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Friday, April 19, 2024

Jury Finds Romero Guilty of 2022 Deadly Shooting in Schenectady


SCHENECTADY — On Monday, a Schenectady County jury delivered a guilty verdict in the second-degree murder trial of Anthony Romero. The charges stemmed from the fatal shooting of Treavine Tate on Hulett Street, which occurred on Memorial Day 2022.

According to Schenectady County Assistant District Attorney Mike Nobles, there was a general consensus on the events that transpired and the identity of the perpetrator. “The challenge for the jury was to ascertain beyond a reasonable doubt that the act was not justified,” Nobles explained. “The jury’s verdict affirmed our position.”

Footage from the incident on May 30, 2022, depicted Romero in conversation with Tate before firing multiple shots at him. The pathologist from the Schenectady County Medical Examiner’s Office who performed Tate’s autopsy confirmed that a bullet, which penetrated his side, heart, and both lungs, was the cause of death.

“The video evidence was instrumental in this case,” Nobles stated. “It demonstrated that Mr. Romero exhibited no fear in the moments preceding the shooting, that the victim was completely unarmed, and that Mr. Romero was the instigator, drawing his weapon. He pursued the victim into the street and fired every bullet in his body, striking him up to six times, even when he was already down.”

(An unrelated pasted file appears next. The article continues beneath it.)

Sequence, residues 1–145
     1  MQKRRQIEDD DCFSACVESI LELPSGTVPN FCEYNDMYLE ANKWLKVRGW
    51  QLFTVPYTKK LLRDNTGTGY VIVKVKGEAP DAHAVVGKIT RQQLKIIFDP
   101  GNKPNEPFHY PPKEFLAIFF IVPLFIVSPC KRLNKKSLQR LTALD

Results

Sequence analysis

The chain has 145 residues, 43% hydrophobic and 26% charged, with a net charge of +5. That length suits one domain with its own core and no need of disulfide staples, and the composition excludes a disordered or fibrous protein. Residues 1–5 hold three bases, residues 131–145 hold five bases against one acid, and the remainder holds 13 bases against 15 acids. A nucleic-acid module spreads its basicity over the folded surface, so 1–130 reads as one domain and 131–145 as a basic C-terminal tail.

Romero was found guilty on all counts, which also encompassed two charges of criminal possession of a weapon and one charge of tampering with physical evidence.

Judge Mark Caruso has set Romero’s sentencing for May 1. Romero could potentially receive a maximum sentence of 25 years to life for the murder charge, 15 years for each of the weapon possession charges, and 2-to-4 years for the evidence tampering charge.

Considering potential consecutive sentences, Romero could face a maximum aggregate sentence of 42 years to life. Nobles revealed that the District Attorney’s Office plans to request the maximum sentence from the judge.

Schenectady County District Attorney Robert Carney commended Nobles for his “excellent job” in outlining the defense of justification and the reasons why it was not applicable in this case.

“Romero did not seem fearful in the video, he was not under immediate threat from the unarmed Mr. Tate,” Carney stated. “Romero was the one who initiated the confrontation by drawing his gun and aiming it at Tate; he had an obligation to retreat, which he could have easily done. Mr. Romero took the life of this young man on his 21st birthday out of jealousy and spite.”

Defense attorney Kyle Davis, who represented Romero, indicated that they intend to appeal the verdict.

“Mr. Romero maintains that he acted in self-defense,” Davis said. “The evidence did suggest, and it is my belief, that he acted in self-defense. While I respect the jury’s decision, I do not agree with it.”

Kiara Thomas
Kiara Thomas
I uncover quirky and compelling stories. Always on the lookout for the 'why' behind the 'what'.
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